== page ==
A four-mile long bridge was built to connect the island to the mainland in 1965, and replaced by a fancy new bridge in 2002. There are a lot more people living on St. George these days; in fact, almost 2,500 people now call the island home (for at least part of the year). Fortunately, the state had the foresight to set aside the far eastern end of the island as a state park. For this nine-mile stretch, St. George is a natural preserve of sugar-fine white sandy beaches, salt marshes, ponds, and woods of longleaf pine and saw palmetto.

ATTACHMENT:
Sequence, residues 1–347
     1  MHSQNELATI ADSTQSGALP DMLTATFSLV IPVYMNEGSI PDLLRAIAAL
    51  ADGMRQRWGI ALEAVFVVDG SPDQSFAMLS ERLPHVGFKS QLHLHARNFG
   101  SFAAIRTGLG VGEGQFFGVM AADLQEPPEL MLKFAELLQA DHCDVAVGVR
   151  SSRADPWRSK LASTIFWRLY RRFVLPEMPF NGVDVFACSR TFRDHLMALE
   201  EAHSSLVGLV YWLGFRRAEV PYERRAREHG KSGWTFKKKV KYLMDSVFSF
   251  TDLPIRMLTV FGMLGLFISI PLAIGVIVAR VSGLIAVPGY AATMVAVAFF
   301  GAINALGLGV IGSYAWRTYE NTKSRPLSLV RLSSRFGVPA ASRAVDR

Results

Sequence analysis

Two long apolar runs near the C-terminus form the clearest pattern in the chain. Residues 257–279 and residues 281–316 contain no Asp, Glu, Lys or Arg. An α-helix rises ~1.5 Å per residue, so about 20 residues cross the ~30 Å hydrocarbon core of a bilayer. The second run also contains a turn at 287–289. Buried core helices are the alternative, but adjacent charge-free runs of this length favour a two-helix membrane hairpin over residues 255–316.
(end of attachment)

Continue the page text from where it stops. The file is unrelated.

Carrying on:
We had a great time biking, hiking, and wading on three separate visits to the island—the water was warm, and we meant to go back to just swim and sit on the beach under an umbrella. Living on the West Coast with chilly Pacific waters, I haven’t had a beach day like that in decades. Of course, every paradise has its drawbacks. Being in Florida, even in the fall, requires layers of both sunscreen and bug repellant if you’re going to spend time outdoors, especially in marshy areas near the coast. That, combined with humidity, makes for two-shower days. I’ve also collected a rather spectacular display of chigger bites, mosquito bites, no-see-um bites, and fire ant bites since we arrived in the warm and humid South. (I’m sometimes accused of being overly positive; this is my disclaimer, just in case my reports of Florida have been too glowing.)